Capellon Pharmaceuticals, however, exists as a company riddled with issues among human resource management that have prevented it from functioning properly. The job performance of the company has impacted it, as a result of such connected management issues. In order for the firm to connect to the client in a sound and proper man, the client's needs must be properly understood with a marketing plan properly drafted up to reflect this.
In this case, it was found that the issues were connected on two arenas: those external to the company, such as in their connections with customers and the internal issues. Externally, it became clearer and clearer that there was a lack of both communication and discussion regarding which solutions would be most appropriate to the marketing strategy as a whole. In this case, if the company can't offer such things, then they really can't lead the process in a beneficial manner and be able to move results forward. Internally, the marketing department lacks a certain degree of cohesion, and that even once a marketing strategy is selected, implementing it with any sort of skill or grace is something that can be next to impossible for this department. This is partly as a result of the absence of leadership -- much of this stems from the way in which the original marketing manager left the company. Thus, as a result, the marketing team has not been able to follow the most lucid instructions to develop a marketing plan that works.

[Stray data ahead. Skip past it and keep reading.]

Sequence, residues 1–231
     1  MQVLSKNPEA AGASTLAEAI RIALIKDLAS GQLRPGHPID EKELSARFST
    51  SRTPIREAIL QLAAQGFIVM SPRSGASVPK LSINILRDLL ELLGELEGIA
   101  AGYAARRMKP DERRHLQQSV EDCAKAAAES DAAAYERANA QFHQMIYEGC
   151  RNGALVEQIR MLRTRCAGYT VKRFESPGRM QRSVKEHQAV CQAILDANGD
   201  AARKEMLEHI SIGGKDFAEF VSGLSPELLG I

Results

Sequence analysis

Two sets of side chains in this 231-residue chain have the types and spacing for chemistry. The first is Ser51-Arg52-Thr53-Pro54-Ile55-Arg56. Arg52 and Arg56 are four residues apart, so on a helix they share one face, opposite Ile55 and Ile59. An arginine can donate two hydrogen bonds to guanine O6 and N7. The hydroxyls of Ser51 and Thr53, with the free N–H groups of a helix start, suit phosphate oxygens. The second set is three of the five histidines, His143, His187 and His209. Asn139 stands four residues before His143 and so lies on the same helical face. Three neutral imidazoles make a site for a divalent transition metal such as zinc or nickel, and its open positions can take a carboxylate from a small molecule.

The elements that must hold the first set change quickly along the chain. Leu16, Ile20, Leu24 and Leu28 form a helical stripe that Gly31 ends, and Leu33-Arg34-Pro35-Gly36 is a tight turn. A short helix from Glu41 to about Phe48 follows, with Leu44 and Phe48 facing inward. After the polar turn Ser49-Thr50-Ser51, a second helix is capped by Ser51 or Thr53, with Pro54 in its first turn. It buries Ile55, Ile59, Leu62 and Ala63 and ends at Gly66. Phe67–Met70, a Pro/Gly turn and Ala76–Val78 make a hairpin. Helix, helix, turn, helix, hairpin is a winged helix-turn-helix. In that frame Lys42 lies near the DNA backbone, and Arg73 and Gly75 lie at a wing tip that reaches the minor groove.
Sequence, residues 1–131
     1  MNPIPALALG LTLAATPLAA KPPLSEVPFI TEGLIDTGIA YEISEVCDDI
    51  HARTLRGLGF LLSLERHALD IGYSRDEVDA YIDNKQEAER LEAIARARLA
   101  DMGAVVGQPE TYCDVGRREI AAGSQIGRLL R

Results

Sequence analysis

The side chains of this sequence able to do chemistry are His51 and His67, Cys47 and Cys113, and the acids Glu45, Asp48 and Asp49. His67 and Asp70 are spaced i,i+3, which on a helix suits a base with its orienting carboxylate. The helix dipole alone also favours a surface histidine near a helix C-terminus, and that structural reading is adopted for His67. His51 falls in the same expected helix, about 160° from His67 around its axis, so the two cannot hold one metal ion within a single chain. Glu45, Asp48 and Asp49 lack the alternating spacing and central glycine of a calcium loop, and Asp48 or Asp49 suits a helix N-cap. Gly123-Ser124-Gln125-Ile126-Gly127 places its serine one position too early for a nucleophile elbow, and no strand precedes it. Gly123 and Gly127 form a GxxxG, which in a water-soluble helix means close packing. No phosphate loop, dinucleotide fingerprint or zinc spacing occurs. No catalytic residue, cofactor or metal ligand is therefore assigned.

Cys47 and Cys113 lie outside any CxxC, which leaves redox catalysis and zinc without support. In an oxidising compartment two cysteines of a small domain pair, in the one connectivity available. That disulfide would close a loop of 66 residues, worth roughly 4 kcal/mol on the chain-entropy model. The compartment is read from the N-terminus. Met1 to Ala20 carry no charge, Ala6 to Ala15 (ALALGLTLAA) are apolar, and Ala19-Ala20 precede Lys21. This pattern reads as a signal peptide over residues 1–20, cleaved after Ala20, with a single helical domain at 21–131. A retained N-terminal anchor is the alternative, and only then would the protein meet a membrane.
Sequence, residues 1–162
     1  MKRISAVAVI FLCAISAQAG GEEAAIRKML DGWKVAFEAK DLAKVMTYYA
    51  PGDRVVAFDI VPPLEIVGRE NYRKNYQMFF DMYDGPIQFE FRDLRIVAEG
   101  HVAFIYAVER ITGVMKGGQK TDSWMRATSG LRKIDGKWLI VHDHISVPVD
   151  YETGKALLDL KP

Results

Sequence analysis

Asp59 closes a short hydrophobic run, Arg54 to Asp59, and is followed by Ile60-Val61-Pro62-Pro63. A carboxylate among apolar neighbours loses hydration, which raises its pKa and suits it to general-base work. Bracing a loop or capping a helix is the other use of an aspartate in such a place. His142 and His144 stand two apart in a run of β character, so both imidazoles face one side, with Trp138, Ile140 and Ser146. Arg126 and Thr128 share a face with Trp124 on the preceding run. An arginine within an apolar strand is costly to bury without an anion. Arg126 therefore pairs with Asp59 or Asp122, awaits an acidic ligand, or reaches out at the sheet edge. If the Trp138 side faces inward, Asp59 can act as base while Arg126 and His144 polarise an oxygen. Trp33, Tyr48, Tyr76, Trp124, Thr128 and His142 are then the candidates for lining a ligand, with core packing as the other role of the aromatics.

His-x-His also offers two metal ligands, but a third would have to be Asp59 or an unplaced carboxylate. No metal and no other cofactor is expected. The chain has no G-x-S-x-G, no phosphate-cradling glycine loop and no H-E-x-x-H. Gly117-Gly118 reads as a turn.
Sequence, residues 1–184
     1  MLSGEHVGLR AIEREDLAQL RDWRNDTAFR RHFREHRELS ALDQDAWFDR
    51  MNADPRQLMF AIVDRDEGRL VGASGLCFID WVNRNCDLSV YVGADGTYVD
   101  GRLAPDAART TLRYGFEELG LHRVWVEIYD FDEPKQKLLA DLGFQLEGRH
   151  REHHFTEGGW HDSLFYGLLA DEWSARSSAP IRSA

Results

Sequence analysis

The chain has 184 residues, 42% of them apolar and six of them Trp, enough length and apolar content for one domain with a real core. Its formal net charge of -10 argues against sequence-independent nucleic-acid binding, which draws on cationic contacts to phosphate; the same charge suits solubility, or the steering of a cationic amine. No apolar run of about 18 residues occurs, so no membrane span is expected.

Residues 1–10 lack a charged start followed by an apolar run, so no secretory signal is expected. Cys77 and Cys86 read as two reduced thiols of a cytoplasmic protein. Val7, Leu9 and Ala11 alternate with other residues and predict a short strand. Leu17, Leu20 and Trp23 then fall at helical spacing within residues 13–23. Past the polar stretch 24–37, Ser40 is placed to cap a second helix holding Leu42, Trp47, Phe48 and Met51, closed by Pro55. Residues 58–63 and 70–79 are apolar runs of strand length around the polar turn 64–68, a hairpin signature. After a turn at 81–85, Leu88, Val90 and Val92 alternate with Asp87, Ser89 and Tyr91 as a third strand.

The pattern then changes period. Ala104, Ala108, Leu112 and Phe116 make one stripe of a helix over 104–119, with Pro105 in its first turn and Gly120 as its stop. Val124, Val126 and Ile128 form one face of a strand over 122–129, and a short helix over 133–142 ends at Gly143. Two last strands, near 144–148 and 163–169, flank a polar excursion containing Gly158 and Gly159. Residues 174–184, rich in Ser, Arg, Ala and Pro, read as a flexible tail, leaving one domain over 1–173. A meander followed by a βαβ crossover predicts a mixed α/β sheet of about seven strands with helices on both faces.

It can be useful to examine Rouda and Kusy's (1995) definition of a needs assessment, which is viewed as a "systematic exploration of the way things are and the way they should be." Thus, this indicates that the client and the company will have an obligation to have their first meeting during a time when they will need to determine what their accomplishments have to be, and…[continue]
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Solution Identification To identify a solution, one must understand the nature of the problems. In addition to what has already been identified, it is worth noting that failure to reach the original objectives is not just an execution problem, but a problem with the objectives themselves. A 20% increase in sales would in most mature businesses be considered phenomenal in nature. So the failure to reach an unrealistic goal is hardly
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Management Initially, the problem was identified as being related to the new manager, who brought with him a leadership style and ideas about marketing that did not align with the prevailing culture within the marketing department. The result was that despite an increase in budget, the performance of the marketing unit regressed, losing sales rather than meeting the target of increasing by 20%. Another problem was that the company's marketing seemed